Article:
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Friday, February 19, 2021

Rep. Hank Johnson leads conversation on protecting immigrant essential workers during pandemic

Georgia lawmakers talk immigration

A Georgia lawmaker hosted a virtual event with a panel of experts to discuss undocumented workers and immigration.

ATLANTA - U.S. Representative Hank Johnson helped lead a conversation Thursday night on ensuring equity and fairness among immigrant essential workers across Georgia.

Experts hosted a discussion on ways to make sure that vulnerable community has access to resources.

The conversation comes just as Democrats unveiled their immigration citizenship plan.

The panel said 170,000 undocumented immigrants are essential workers helping in the fight against this pandemic. They wanted to focus on addressing the challenges this community faces like access to the COVID-19 vaccine and getting those undocumented workers closer to citizenship.

"There’s always the fear of jeopardizing a worker's immigration status, continues to be a barrier toward vaccination," Erick Juarez, Medical Student, Augusta Medical College, said.

The panel said in order to effectively respond and recover from the pandemic, it's crucial that immigrant essential workers and people who are undocumented are provided a pathway to citizenship.

This way, they believe, those immigrants will be able to fully contribute to the state's health and economic recovery.

"Millions of immigrant workers are at the front line of keeping Americans healthy and feed during the COVID-19 pandemic," Juarez said.

The speakers hit on several disadvantages within that community including getting COVID-19 testing and vaccinations.

"Testing was designed and centered in a way that was focused on English speakers, on people that were driving, and we were simply excluded from any type of relief," Gigi Pedraza, Executive Director of the Latino Community Fund of Georgia, said.

Thursday, congressional Democrats and the White House unveiled the U.S. Citizenship Act of 2021.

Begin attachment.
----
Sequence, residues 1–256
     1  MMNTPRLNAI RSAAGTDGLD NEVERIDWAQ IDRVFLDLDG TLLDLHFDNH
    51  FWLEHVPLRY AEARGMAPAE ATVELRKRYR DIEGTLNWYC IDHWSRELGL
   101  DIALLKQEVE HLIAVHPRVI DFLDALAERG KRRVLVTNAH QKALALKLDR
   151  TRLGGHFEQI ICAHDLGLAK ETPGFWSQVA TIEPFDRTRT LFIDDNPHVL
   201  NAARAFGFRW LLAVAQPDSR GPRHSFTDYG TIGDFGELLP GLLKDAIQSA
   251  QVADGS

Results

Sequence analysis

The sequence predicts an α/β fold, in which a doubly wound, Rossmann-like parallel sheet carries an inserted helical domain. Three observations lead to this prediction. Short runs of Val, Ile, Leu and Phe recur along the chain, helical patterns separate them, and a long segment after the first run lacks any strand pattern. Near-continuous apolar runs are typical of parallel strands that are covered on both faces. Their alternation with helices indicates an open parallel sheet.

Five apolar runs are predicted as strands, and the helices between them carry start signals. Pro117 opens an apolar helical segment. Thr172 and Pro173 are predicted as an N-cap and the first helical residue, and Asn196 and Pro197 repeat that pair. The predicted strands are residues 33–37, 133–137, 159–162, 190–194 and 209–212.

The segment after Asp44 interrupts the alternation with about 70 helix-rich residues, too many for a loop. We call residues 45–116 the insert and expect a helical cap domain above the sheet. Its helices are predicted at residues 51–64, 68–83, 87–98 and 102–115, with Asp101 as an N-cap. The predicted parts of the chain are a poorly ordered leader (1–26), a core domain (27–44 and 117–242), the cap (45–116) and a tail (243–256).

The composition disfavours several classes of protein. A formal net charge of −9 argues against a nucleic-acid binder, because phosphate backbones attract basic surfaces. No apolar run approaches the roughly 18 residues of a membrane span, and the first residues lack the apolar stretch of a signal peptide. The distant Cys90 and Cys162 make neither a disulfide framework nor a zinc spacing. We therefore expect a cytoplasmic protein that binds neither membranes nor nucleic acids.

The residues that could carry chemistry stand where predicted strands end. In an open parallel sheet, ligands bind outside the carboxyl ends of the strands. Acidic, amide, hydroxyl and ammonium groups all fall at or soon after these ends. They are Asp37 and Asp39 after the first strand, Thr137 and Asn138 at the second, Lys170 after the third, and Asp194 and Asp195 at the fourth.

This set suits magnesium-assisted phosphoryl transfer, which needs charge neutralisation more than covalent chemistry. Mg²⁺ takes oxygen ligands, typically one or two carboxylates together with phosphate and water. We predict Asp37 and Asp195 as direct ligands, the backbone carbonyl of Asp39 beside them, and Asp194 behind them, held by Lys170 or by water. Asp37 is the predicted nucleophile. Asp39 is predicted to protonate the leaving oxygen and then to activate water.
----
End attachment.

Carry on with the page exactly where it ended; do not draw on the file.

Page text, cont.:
The bill will create an 8-year pathway to citizenship for undocumented immigrants who were already in the country before January of this year.

Rep. Johnson said that "it offers expanded work visas so that legislation is going to protect immigrants from exploitation and keep families together while growing our economy."

The speakers also talked about the struggle of farm and food workers who have smaller incomes and lack proper access to healthcare - with many living in rural communities.

"Advocates fear millions, once again, could fall through the cracks," Juarez described.

"We are going to make sure that we eliminate the rule that was imposed with the cares act that said that if one of the family members did not have a social security number then the whole family could not receive a direct payment," Rep. Johnson said.

The experts said immigrant community members contribute to key industries like agriculture, transportation, and health care.

They said policymakers investing in the most vulnerable populations will determine how quickly the country recovers.

"When America invests and protects its most vulnerable inhabitants, the harvest can and will be bountiful," Juarez said.

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